- Buy OEM Microsoft Office 2007 Standard
- Buy Access 2007 All-in-One Desk Reference For Dummies (en)
- Discount - Infinite Skills - Learning 3DS Max 2012
- Download Autodesk AutoCAD Architecture 2011
- 9.95$ ABest Video to WMV MPEG Converter cheap oem
- Buy OEM ABest Video to AppleTV 3GP SWF Converter
- Buy OEM proDAD ReSpeedr 1 (32-bit)
- Buy OEM Roxio Toast 11 Titanium MAC
- Buy Atomix VirtualDJ Pro 7 (en)
- 59.95$ Adobe Premiere Elements 10 (32-bit) cheap oem
- 149.95$ Capture One Pro 7 MAC cheap oem
- Download Intuit TurboTax Home & Business 2013 USA
|It might not be the flu - RSV levels on the rise|
|News Releases - Health, Medicine & Nutrition|
|Written by Claire Orphan|
|Tuesday, 29 January 2013 14:33|
Flu season is wreaking havoc around the country, and yet another seasonal illness, respiratory syncytial virus or RSV, appears to be peaking in Illinois. In fact, according to CDC surveillance data, almost all states are reporting epidemic levels, including:
RSV is considered having reached epidemic levels once rates of positive cases are at or above 10% for two consecutive weeks.
It’s a virus that’s often mistaken for a common cold, but this highly prevalent, easily-spread illness can be devastating and it’s affecting young infants across the country. It’s called respiratory syncytial virus (RSV), and if contracted, it can bring serious complications to young infants, particularly to preemies whose underdeveloped lungs and immature immune systems make it harder to fight off the infection. In fact, RSV is the leading cause of infant hospitalization—about 125,000 each year—and is responsible for approximately 10 times more infant deaths each year than the flu.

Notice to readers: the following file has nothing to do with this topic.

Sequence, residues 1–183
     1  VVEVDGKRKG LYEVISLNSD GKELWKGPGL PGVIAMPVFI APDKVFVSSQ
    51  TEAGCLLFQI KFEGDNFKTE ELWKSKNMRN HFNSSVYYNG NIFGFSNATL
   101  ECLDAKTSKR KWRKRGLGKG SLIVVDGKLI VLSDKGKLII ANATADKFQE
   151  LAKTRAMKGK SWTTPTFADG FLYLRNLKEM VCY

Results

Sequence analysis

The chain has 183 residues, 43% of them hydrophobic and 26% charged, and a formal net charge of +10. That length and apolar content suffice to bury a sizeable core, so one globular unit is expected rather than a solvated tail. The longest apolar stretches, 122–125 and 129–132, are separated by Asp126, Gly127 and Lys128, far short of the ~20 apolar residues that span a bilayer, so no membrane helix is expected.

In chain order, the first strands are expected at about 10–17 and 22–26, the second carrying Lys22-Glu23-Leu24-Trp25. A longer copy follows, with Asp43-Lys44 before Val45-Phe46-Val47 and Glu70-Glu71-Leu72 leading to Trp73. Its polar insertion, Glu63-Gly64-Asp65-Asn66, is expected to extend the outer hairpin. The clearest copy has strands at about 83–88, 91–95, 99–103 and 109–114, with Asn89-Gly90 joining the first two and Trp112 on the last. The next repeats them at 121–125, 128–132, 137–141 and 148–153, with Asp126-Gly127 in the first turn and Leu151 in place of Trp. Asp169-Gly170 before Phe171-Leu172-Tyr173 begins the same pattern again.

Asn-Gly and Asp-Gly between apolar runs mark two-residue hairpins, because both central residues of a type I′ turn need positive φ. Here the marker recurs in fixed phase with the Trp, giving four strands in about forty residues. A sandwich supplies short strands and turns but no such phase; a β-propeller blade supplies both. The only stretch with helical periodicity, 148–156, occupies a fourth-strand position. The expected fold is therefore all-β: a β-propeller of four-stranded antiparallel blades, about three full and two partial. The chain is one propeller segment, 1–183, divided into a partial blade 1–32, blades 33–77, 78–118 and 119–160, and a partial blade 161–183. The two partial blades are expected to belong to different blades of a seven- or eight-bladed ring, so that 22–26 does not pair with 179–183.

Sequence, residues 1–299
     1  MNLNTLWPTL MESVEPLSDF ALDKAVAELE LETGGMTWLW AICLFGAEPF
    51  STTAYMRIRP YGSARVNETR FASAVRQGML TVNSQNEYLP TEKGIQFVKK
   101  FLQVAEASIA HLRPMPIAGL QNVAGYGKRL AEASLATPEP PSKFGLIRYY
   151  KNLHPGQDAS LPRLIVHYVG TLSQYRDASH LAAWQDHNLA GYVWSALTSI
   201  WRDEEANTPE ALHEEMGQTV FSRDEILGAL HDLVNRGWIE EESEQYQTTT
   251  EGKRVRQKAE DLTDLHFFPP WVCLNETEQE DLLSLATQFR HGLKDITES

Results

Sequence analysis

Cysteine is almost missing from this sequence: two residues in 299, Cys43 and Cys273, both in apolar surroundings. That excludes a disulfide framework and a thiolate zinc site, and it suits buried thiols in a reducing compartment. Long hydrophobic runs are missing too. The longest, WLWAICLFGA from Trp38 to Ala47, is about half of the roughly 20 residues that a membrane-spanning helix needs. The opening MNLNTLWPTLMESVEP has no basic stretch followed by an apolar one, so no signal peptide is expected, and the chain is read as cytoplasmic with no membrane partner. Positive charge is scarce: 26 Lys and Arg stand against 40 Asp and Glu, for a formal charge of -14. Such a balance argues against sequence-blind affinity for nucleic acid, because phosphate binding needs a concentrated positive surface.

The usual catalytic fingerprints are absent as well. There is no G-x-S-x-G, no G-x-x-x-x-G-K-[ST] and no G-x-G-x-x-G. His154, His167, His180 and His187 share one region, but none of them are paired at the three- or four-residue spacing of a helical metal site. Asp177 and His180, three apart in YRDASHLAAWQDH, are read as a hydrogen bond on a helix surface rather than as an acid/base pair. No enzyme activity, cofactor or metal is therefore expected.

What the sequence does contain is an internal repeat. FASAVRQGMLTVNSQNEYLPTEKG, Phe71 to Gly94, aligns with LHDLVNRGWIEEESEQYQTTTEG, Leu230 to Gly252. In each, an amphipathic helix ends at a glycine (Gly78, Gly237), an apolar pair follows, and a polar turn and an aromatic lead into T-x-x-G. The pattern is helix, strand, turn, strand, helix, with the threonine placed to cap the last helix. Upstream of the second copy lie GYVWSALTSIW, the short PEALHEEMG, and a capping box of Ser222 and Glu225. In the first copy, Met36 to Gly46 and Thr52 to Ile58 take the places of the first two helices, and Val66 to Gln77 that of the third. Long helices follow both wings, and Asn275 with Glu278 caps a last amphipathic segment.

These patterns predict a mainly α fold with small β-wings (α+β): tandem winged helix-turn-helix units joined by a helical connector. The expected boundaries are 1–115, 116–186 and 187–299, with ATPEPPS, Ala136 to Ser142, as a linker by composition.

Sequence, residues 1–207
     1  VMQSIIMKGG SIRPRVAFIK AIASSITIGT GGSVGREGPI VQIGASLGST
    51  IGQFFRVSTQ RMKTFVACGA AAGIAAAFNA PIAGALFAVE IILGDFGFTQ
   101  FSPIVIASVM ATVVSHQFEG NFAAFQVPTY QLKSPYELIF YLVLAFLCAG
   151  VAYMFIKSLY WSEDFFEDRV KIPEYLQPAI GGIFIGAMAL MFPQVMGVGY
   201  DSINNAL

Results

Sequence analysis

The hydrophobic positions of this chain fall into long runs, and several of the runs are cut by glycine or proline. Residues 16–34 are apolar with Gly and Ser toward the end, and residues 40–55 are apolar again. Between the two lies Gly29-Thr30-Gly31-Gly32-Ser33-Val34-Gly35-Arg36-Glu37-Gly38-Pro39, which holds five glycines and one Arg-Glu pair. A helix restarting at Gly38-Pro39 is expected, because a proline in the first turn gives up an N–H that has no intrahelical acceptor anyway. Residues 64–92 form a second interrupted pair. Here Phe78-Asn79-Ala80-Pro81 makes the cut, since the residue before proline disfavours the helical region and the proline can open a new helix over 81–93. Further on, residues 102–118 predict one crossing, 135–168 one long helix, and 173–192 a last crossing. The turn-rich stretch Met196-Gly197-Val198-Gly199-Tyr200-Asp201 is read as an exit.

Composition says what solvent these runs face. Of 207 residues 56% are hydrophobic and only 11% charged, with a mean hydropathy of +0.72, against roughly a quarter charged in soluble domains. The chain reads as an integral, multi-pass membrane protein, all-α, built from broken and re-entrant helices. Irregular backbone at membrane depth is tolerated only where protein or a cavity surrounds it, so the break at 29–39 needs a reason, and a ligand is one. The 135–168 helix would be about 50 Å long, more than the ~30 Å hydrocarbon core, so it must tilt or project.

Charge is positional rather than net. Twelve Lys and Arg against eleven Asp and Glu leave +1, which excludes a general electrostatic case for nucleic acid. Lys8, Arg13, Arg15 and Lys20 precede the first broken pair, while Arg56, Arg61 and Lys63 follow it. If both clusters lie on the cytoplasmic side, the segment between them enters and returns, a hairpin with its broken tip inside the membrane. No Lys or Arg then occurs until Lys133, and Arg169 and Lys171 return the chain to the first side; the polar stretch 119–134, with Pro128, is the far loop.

According to the CDC, “RSV season” typically runs from November through March. All children can contract RSV, and nearly 100% of babies do by age two. Unfortunately, there is no cure for RSV, so prevention is key to protecting against this virus, which is highly contagious, particularly among children. For instance, daycare and pre-schools are common areas where children can contract RSV, but there are steps daycare providers and parents can take to help protect children.
Frequent washing of hands, toys, play areas and bedding is important, as RSV can live for several hours on surfaces such as countertops, doorknobs and tissues. Other preventative measures include keeping children away from those who are sick and never letting anyone smoke around the baby. Although RSV can be mild in many children, it’s best to air on the side of caution for the sake of other children. Parents of children who have cold-like symptoms should keep them home from daycare, to avoid exposing other children (especially those who may be at high-risk) from potentially dangerous germs.
Nationally recognized RSV expert Dr. Ram Yogev, MD of Lurie Children’s Hospital of Chicago and Northwestern University Feinberg School of Medicine is available to answer common RSV questions and talk about how it impacts children and their families:
· What is RSV, and what are the risk factors for developing severe RSV disease?
· What symptoms should parents look for and flag for their child’s pediatrician?
· What can parents do to try to prevent their child from contracting RSV?
· How can parents help keep their child from spreading germs and illnesses to other children?
Tags See All Tags